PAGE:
in a bad position as they have "Agrod" a player and didn't gain any benefit from it.
3) Watch your upkeep. In solo, it's a good idea to go to into high upkeep and win due to the number of units.
Be very careful in FFA's with high upkeep. While going to 100 units and killing all the other players tends to
work on the low end of the FFA ladder, it doesn't work vs. good FFA players. If you stay in high upkeep you will
run out of gold. FFA games can last an hour or longer, and you need to plan on having resources for the length of
the game. Usually if a player stays in high upkeep and if they lose their army and expansion they will not come
back from the game. Spending time at 80 food + multiple expansions will give you more gold, which will give you
more options during those times where you get attacked by multiple players at the same time (it happens to us all,
so its just a matter of being ready for it). Go to 100 food when you need to, but the second you find yourself just
standing around, kill off your own units and drop to 80.
You can stay at 100 food in an FFA game with 3 or more expansions. This can be bad, because any player who scouts
will see all these expansions and see you as a threat even though you don't have the gold of 3 expansions. Not only
that but it takes 15 food to gather from 3 mines, and the only difference between low and high upkeep is 20 units.
So if you have to spend 10 extra units to mine. This leaves with 10 extra food which isn't all that much.
4) Always have a TP scroll handy; buy a few of them. This allows you to react easier. If you get attacked by
player 3 while you are attacking player 2 a TP scroll can help you fight both armies. TP scrolls will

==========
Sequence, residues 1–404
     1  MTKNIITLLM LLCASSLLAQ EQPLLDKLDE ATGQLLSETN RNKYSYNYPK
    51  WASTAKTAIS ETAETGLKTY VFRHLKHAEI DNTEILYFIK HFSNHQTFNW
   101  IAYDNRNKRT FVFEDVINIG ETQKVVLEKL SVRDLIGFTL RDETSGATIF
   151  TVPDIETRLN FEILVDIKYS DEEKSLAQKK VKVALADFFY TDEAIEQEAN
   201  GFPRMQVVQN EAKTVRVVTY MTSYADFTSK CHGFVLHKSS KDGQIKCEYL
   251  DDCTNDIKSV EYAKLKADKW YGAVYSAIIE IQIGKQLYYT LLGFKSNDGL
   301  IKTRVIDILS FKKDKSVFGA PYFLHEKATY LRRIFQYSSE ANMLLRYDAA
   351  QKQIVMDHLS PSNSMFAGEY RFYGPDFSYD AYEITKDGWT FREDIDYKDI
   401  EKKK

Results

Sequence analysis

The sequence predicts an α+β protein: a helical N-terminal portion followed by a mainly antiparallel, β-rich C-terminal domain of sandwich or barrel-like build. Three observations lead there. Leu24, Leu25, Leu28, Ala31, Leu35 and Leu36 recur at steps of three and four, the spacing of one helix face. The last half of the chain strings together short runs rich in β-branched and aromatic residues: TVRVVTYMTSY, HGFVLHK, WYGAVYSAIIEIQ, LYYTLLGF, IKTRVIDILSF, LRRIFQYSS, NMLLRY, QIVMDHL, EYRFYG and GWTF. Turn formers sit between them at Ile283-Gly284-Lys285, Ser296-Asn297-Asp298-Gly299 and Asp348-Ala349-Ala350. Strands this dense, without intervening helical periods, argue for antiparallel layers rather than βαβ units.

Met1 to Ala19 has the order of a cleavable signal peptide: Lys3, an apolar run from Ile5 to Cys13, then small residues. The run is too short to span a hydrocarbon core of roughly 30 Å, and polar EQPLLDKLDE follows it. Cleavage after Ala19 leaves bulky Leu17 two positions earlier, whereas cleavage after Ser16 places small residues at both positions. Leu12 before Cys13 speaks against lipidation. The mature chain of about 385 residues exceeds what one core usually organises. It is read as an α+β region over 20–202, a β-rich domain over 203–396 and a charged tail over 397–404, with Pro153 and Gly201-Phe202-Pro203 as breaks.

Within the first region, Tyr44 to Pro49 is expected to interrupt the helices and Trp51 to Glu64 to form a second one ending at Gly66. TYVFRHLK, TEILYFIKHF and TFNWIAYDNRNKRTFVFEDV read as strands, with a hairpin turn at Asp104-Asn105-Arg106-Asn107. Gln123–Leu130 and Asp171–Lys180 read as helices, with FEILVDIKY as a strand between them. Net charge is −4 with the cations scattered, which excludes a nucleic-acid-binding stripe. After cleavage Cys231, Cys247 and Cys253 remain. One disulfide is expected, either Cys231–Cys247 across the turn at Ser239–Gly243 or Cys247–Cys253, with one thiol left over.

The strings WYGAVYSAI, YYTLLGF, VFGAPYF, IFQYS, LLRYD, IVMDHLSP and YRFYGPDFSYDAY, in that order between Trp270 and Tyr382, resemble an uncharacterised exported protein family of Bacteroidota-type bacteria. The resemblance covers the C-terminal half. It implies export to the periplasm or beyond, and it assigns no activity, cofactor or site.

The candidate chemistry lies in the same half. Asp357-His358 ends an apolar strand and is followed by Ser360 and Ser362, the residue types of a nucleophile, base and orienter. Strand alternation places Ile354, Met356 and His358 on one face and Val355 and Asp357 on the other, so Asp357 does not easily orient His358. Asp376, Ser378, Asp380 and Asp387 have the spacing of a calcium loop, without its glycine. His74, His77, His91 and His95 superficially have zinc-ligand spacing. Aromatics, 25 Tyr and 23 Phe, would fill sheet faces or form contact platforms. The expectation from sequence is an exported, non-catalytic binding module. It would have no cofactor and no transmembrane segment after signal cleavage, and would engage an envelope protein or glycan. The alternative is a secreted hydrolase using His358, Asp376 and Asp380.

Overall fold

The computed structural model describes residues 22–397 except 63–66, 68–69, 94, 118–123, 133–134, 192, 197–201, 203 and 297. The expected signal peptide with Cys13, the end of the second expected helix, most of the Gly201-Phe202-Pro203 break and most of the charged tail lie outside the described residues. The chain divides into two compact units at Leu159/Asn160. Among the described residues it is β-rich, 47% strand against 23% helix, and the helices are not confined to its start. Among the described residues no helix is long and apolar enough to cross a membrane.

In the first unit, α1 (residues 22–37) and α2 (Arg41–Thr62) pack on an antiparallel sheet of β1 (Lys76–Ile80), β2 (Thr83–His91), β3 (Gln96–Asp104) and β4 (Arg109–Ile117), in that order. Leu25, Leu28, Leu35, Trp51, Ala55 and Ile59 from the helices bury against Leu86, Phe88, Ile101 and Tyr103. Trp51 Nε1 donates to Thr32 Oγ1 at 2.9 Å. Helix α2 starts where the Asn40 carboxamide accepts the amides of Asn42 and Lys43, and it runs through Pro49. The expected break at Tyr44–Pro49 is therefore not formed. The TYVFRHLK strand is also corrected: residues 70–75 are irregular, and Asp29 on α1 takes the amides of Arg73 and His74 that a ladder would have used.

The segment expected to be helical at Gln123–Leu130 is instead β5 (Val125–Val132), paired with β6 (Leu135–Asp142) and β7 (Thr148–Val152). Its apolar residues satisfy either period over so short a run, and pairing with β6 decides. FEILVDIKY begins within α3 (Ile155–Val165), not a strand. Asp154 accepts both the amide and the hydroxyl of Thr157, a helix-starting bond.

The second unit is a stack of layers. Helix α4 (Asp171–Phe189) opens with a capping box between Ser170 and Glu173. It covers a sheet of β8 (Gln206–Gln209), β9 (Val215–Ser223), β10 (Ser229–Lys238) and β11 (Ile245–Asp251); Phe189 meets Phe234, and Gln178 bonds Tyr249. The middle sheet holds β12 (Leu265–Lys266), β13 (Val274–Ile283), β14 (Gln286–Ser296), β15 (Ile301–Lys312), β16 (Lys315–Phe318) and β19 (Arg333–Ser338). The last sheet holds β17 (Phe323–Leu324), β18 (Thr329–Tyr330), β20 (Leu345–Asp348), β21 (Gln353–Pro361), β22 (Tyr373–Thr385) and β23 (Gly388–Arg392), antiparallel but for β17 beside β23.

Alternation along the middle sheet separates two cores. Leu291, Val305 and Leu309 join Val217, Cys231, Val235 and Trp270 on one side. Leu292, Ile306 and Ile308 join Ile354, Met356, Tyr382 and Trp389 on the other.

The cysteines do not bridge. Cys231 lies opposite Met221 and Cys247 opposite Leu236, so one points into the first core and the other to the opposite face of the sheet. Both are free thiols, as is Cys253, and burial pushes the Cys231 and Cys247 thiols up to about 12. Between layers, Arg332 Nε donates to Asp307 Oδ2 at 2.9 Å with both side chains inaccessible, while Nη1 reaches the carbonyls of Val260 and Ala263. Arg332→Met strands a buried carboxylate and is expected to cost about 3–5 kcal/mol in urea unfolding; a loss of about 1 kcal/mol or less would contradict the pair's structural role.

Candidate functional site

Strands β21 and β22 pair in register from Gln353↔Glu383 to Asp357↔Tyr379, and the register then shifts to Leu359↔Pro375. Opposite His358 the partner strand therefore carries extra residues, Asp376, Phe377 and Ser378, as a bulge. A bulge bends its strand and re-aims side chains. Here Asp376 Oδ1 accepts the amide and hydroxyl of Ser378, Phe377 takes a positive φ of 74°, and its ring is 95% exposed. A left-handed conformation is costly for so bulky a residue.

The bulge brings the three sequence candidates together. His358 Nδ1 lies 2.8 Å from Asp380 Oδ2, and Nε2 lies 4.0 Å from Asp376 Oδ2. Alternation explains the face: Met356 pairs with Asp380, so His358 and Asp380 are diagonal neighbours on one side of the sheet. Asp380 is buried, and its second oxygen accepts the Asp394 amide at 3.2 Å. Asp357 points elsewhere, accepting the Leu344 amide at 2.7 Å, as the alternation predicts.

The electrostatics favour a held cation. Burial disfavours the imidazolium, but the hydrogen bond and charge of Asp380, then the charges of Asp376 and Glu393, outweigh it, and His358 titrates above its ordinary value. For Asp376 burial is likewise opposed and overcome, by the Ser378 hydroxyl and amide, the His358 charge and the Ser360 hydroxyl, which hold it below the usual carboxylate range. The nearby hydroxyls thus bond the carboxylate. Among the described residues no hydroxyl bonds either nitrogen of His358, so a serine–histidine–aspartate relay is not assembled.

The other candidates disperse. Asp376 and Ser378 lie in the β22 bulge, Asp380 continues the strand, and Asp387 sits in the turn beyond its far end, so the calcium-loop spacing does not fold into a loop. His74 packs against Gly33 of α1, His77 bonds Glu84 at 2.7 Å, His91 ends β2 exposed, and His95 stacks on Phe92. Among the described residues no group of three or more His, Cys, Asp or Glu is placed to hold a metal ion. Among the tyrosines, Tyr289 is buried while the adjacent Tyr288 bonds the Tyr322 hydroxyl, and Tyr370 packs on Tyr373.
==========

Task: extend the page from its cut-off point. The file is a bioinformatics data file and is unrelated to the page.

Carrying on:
allow you to port around a large map and defend if you need to.
5) Put a few towers at your expansions / main. Building towers tends to be associated with new player who ONLY
build towers. This doesn't mean towers are bad, just learn where they can help. In Solo it's better to have map
control which means you should spend money on units instead of static base defenses. Towers will do two things
for you in FFA games, first they will buy you a some time. Time helps in cases where you have to fight multiple
players at once, or when you need to fight a 100 food army when you only have an 80 food army. Second, towers
kind of work as a "stay away from here, private property" sign. Most FFA players (at least not the top players),
will go find another target after seeing your towers and they will leave your expansion alone. Most players don't
want to deal with the hassle of making siege, so they run off and find another player to attack. If players are
killing each other instead of you, you will win more games.
Don't rely on towers to win you the game. They just give a few more seconds when you need it. Scouting AND towers
work best for buying you time.
6) Build the "right units", learn what units to make for each type of player. If you see a Night elf player going for
Chimaeras and Hippogryphs, then build the correct army and kill the Night elf player. Then figure out your next target
and what units to make next. Kill your own unneeded units and then create your next "ideal" army. I have round 5 or
6 "army templates". I use a different template based on who I'm fighting. It's better to plan your entire army vs. a
single player (who should be your largest threat). With the right army + good micro your 80 food army will kill
their 100 food army.
You will might need to deal with a 2nd army which might be made of units which is a counter to your own army. Good scouting and a few towers can buy you some time to allow you to switch to the correct units. This is tied back to rules #1 and #2 and predicting who and when you will be attacked. If you are caught off guard by another player then it's your own fault.
7) It's important to adapt. One of the most useful items in FFA games is the tome of retraining, for some reason very few players ever buy this item.